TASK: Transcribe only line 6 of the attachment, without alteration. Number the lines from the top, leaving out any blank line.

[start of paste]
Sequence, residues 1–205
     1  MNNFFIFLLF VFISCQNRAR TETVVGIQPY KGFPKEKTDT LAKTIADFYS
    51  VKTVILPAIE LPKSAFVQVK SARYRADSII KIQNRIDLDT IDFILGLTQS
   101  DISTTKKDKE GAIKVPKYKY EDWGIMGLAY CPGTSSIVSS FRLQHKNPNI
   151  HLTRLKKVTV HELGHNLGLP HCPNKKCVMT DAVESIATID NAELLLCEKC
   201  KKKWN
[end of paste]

   201  KKKWN